MIT professor’s book digs into the eclectic, textually linked reading choices of people in medieval London.
When Science magazine recently asked a collection of scientists what they see in the future for science, two MIT faculty members were among those who responded.
Dr. Harvey F. Lodish, professor of biology and a member of the Whitehead Institute for Biomedcal Research, replied:
"By using techniques involving in vitro fertilization, it is already possible to remove one cell from the developing embryo and characterize any desired region of DNA. Genetic screening of embryos before implantation may soon become routine.
It will be possible, by sequencing important regions of the mother's DNA, to infer important properties of the egg from which the person develops. This assumes that predictions of protein structure and function will be accurate enough so that one can deduce, automatically, the relevant properties of many important proteins, as well as the regulation of their expression (for example, how much will be made at a particular stage in development in a particular tissue of cell type) from the sequence of genomic DNA alone.
All of this information will be transferred to a supercomputer, together with information about the environment-including likely nutrition, environmental toxins, sunlight and so forth. The output will be a color movie in which the embryo develops into a fetus, is born, and then grows into an adult, explicitly depicting body size and shape and hair, skin and eye color.
Eventually the DNA sequence base will be expanded to cover genes important for traits such as speech and musical ability; the mother will be able to hear the embryo-as an adult-speak or sing."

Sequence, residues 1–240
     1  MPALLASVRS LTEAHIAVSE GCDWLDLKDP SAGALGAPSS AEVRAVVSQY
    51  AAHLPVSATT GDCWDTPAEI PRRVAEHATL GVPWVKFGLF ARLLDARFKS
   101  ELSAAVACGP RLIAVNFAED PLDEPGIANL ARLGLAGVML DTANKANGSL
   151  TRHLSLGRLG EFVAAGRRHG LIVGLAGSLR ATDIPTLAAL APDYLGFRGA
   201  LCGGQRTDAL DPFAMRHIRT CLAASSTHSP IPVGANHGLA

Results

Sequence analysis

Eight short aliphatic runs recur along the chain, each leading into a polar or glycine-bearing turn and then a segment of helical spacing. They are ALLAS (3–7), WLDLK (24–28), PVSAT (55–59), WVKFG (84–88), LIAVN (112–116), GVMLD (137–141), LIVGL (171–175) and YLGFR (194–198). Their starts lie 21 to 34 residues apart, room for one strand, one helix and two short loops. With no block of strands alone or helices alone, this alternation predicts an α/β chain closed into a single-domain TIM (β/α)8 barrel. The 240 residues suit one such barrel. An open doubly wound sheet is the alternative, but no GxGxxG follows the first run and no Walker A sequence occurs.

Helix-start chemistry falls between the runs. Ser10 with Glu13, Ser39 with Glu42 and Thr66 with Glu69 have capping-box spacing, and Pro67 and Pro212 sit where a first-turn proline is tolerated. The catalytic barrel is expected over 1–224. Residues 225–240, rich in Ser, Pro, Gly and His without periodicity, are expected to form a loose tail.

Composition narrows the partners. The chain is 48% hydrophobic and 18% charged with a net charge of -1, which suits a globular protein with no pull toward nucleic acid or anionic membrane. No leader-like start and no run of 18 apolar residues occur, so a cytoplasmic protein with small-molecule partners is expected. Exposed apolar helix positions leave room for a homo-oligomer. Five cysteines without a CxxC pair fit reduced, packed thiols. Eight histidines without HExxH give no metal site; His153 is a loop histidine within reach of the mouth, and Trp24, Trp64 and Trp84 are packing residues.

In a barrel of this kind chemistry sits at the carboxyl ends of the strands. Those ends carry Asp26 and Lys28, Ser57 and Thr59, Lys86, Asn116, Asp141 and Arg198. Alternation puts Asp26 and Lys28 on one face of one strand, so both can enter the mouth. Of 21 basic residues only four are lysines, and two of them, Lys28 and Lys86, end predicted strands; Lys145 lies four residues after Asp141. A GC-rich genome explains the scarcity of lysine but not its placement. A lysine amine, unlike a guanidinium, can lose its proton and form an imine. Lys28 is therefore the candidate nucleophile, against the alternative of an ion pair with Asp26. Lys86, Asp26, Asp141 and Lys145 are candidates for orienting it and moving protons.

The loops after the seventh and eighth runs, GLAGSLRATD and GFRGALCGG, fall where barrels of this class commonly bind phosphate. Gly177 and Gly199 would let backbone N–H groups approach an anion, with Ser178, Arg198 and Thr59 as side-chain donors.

Dr. Isadore M. Singer, Institute Professor of professor of mathematics, replied:
"In the last decade, ideas from quantum field theory have produced startling results in geometries of two, three, and four dimensions. Using mostly formal path integrals, physicists have obtained new formulas and relationships in mathematical fields far removed from traditional mathematical physics. Geometers are trying to incorporate these novel methods into mathematics.
I expect that the mathematical structure underlying geometric quantum field theories will soon be clarified and give an even more powerful tool for studying low-dimensional geometries. As a result, within a decade the classification of all compact smooth three- and four-dimensional manifolds will be completed. In particular, we will be able to answer Poincare's almost-century-old question: Is every bounded three-dimensional manifold without holes an ordinary three-dimensional sphere?
We may be as naive about four dimensions today as scientists and philosophers were about two dimensions in 1820 just prior to the discovery of hyperbolic geometry. What we now call exotic or fake four-dimensional spaces could give revolutionary new models in cosmology.
And surely a complete understanding of how strands link in three-dimensional space will illuminate DNA unraveling and DNA recombination."
A version of this article appeared in MIT Tech Talk on April 26, 1995.